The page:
Changing: Part 1 - Chaos and Failure are Brothers

I recently came across a blog post by Karen Martin entitled "Cure the (Self-Inflicted) Chaos First" Here's an excerpt from her entry which hit home with me.
"The reason (for failure) isn’t a flaw in the methodologies, but a flaw inside of companies. Organizations in all sectors fail to meet their full potential because of self-inflicted chaos....I’m talking about chronic long-term chaos brought about by ambiguity, lack of focus, inconsistency—habits and behaviors that organizations can control but choose not to."
 I couldn't agree with Karen more. Standish, Gartner, Ernst & Young, Accenture, all the big consulting firms and a host of university studies indicate that only about 30% of projects which seek to instill permanent change in organizations actually experience some level of effectiveness.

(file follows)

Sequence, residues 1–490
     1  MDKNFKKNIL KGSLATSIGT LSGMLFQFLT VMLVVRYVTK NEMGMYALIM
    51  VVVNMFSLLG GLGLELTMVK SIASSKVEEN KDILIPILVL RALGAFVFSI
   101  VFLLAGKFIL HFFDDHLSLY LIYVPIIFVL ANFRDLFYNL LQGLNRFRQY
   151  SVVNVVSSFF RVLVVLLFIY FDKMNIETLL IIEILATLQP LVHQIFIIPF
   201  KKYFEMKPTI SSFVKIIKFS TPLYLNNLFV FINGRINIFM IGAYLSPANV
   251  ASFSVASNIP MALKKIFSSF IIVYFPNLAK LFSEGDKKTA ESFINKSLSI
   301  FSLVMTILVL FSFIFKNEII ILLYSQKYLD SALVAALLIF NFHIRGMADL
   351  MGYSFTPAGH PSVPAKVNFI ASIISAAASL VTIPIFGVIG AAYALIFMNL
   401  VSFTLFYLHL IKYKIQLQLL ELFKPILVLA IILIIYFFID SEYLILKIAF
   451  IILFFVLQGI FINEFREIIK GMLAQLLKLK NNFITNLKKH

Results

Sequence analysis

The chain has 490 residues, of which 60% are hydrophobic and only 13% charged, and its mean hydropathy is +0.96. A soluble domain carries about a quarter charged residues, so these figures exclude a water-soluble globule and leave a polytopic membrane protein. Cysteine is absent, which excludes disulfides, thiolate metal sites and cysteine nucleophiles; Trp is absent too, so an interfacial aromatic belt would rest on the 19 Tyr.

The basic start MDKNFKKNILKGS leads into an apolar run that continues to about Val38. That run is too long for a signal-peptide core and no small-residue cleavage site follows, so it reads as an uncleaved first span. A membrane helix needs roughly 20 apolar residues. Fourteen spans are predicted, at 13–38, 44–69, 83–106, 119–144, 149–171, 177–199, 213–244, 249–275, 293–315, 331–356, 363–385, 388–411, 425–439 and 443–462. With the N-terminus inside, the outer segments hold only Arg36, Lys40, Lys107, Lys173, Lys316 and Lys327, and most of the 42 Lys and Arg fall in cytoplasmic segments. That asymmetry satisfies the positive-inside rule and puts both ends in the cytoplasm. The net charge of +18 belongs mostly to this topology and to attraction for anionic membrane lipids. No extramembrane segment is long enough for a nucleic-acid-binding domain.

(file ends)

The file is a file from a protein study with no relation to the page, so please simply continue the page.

The flip side of this is 70% fail. Now I don't know about you, but that's pretty depressing. I mean 70%!!! What's up with that? Are we all so dumb, stupid, hard headed that we can't see the need for change to improve our condition? Or are we so beaten down that we have given up entirely on getting any change done at all?

I'm not sure what that answer is, but I can tell you I have found a couple of ways to effectively and positively change companies for the better. Yes it is real. Not some hocus-pocus or new secret scientific principle only I know about. It's right inside of all of us. The problem is we haven't been trained on how to use what we already know.

So this is a teaser post. I'll have a lot more over the next few days and weeks to expose this simple, yet effective public domain knowledge. You will smack your head and say "Why didn't I think of that before!!"

So cheers and keep watching. Read Chaos and Change are Brothers - Part 2

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